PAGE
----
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Posted December 3, 2012 | Leave a comment
Campbell's talent helps fill gaps for Rams
By Jeff Nations
Nic Campbell couldn't complain about his freshman season wrestling for Strasburg High School.
A sparkling 51-1 record, followed by Bull Run District and Region B tournament titles before capping it off with a Group A state championship -- no, Campbell really has little to critique about that standout year.
About that one loss, though ...
"It did suck, hearing 51-1 when you go out to the [state] finals," Campbell said. "I knew if I faced him again, I'd beat him. It didn't bother me that bad."
That lone defeat came roughly midway through Campbell's varsity campaign, in a matchup against Fluvanna's Justin Zimmerman. It was a jump up in class to face the Group AA wrestler, a jump up in weight to boot as Campbell bounced up from his customary 113-pound division to take on the Flucos' 120-pounder. And Campbell was sick that day, too.
"I wasn't feeling my best, actually," Campbell said. "He just put legs in and rode me and put me to my back."
Now wrestling at 120 pounds for the Rams, Campbell will again likely see plenty of time on the mat against heavier wrestlers. That's partly by necessity, as Campbell's talent helps fill gaps in Strasburg's lineup. It's mostly by design, though, as Rams coach Trey Kirkland seeks out the best competition possible for Campbell.
"He'll probably bump up quite often again," Kirkland said. "... Typically, we give him the toughest matches. I want to test him. If there's a kid someone says can beat him, I want [Campbell] to wrestle him. We're not trying to pad his record, give him easy matches. We want him to get up there against the best competition."
Campbell never thought he'd have that kind of gaudy record, anyway.
"I didn't think my record was going to be 51-1," Campbell said. "I thought it was going to be 30-something and 10. I thought we were going to hit a couple harder tournaments than we did."
That's what Kirkland tried to do last year, with little success. From the moment Campbell hit the mat, to face Warren County's Kyle Montague in a benefit match last year, the then-freshman's talent was undeniable. Campbell beat Montague, a senior who had placed seventh in the Group AA state tournament a year before, and he was rolling from then on.
"I finally got a take-down at the end to beat him," Campbell said. "It was pretty big, going out there beating a senior as a freshman. He was pretty tough, too. It boosted my confidence and my motivation to work harder. The next time I faced him, I majored him."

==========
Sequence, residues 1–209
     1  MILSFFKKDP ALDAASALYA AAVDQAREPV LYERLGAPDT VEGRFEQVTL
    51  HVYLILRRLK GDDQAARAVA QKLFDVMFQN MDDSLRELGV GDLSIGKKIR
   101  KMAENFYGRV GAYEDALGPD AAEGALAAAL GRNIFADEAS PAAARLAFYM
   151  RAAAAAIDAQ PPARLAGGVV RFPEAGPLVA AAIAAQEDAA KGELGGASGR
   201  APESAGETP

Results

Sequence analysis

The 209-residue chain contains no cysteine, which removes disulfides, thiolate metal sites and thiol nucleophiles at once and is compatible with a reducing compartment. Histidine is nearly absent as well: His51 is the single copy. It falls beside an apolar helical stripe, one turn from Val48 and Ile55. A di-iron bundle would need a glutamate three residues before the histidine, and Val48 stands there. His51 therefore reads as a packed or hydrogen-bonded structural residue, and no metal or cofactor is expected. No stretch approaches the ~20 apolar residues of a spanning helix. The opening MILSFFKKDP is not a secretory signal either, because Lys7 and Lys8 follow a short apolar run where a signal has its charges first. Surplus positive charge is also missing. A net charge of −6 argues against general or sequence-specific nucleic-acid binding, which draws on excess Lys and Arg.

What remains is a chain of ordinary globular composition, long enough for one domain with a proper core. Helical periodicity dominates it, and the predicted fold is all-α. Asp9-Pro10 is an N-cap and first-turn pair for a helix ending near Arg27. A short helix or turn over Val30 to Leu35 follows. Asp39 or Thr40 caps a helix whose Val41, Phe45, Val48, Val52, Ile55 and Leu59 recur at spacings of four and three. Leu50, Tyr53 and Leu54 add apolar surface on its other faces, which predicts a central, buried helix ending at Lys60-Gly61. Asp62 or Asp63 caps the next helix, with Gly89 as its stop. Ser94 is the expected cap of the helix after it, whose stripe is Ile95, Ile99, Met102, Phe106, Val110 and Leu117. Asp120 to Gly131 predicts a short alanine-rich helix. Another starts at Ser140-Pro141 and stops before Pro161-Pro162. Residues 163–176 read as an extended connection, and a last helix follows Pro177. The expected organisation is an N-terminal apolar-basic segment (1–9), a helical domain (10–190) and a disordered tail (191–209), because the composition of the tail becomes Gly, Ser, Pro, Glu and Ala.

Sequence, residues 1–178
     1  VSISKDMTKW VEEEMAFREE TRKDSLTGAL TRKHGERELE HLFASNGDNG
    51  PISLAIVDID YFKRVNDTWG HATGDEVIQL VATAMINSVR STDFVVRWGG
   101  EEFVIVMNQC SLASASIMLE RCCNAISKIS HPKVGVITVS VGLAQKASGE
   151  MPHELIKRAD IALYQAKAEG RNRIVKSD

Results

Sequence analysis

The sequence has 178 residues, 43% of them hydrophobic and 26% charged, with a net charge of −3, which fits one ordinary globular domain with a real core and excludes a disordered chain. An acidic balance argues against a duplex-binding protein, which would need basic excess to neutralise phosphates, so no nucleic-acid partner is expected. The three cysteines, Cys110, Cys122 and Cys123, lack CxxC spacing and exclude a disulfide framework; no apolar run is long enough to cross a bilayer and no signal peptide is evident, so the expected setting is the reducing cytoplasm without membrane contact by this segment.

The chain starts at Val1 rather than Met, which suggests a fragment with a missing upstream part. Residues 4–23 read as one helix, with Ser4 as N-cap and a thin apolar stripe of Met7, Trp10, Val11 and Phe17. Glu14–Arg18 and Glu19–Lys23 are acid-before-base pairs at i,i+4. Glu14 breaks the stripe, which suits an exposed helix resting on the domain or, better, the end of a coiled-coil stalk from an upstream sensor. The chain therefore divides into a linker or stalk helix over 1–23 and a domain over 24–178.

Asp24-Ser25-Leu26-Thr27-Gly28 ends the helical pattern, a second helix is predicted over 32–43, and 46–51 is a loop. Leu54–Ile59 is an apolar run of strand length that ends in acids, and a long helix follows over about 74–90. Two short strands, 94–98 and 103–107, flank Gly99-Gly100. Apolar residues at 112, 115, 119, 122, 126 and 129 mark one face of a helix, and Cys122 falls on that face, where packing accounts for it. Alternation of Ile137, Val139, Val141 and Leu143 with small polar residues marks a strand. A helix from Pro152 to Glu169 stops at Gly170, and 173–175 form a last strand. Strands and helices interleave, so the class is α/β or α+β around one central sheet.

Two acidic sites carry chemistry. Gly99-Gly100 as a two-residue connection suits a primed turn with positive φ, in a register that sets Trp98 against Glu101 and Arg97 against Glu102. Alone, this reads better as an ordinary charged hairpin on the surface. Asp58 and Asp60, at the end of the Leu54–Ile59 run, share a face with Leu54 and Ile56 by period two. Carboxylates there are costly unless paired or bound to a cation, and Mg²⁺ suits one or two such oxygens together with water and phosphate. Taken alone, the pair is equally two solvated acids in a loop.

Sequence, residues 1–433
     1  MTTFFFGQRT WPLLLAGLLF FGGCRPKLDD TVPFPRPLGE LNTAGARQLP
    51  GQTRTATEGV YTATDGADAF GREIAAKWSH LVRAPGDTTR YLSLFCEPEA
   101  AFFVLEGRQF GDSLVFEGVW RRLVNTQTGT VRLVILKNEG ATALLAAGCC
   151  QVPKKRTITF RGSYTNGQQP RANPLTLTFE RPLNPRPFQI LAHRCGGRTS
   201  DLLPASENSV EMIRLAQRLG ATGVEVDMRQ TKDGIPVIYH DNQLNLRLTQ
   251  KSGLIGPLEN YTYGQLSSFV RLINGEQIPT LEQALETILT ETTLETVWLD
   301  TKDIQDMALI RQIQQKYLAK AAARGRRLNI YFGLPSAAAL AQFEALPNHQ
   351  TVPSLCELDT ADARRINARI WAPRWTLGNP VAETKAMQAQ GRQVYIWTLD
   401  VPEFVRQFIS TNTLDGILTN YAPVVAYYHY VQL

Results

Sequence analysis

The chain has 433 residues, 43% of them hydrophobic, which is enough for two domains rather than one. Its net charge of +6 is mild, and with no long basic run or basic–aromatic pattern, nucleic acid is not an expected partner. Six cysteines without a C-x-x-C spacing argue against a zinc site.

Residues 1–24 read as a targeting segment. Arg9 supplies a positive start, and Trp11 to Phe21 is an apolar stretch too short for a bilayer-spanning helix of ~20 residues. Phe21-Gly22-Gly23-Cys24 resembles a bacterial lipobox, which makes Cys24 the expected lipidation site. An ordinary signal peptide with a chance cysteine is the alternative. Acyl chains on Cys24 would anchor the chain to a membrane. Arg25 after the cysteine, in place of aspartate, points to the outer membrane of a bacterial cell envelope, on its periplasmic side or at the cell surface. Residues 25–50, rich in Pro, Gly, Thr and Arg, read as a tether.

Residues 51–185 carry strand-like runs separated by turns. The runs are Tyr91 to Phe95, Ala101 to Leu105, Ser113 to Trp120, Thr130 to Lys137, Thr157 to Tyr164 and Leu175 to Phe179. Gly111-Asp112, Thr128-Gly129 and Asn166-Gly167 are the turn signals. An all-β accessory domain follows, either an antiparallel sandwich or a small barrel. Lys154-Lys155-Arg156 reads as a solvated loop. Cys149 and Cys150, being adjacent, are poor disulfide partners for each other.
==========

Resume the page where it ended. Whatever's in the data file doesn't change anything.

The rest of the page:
Kirkland, entering his first season coaching at Strasburg last year, didn't need much convincing to realize he had a strong wrestler on his hands.
"I was told he was good, so I was kind of watching him real close," Kirkland said. "Just his work ethic, right off the bat, kind of surprised me. That was the main thing I noticed. I figured if he wasn't good yet, with the way he was working it wouldn't take him long to be good. But luckily he was pretty good."
So good, that Kirkland was soon seeking out those tough challenges where he could find them. Campbell took on, and beat, Manassas Park's 120-pounder Ember Gaitan (fourth-place state finisher who at the time ranked second in the state) among his bump-up matches last year. The match against Fluvanna's Zimmerman was another of those tests, and for once Campbell didn't come out on top.
"We didn't want him to go through and have a lot of easy matches," Kirkland said. "We wanted to test him and see what he was made of. I talked to him and his dad, and they were both down for it. We knew there was a chance that he might take a loss, wrestling against a tougher kid that was bigger, but he wanted the experience and the tough matches."
That loss had no lasting effects -- Campbell blazed through the postseason to claim the state championship, beating the same wrestler, fellow 113-pounder Fabian Rodriguez -- for the championship at the district, regional and state competitions.
Campbell, who has been wrestling seven or eight years, learned the basics of the sport by attending a youth program put on by Troy Dean, the father of teammate Hunter Dean. From there, Campbell joined the Shenandoah Valley Elite club and has been wrestling regularly ever since.
"He picks things up really quick, and he works hard," Kirkland said. "This summer he wrestled probably 60 matches. He was second in the Mid-Atlantic Eastern National Tournament. He's wrestled in numerous tournaments, was at practice every week lifting weights just about every day over the summer.
"His work ethic and his attitude is what gives him a lot of success and really pushes him to become better."
Campbell said the natural progression of moving up a weight class hasn't been too difficult, and he's concentrated more on technique and explosiveness than counting calories.
"I feel pretty good," Campbell said. "I'm only a couple over. I can usually eat the day before the tournaments."
Campbell isn't predicting any duplicates of last season, at least as far as his record goes. Whether he loses one match, or 10, or none at all, the main thing is to win another state championship.
"We're going to hit hard tournaments this year," Campbell said. "I'm not sure if I'm going to go undefeated. I want to, but I would rather be 40-10 and win a state championship than go 50-0 and not win one."
Contact Sports Editor Jeff Nations at 540-465-5137 ext. 161, or firstname.lastname@example.org>
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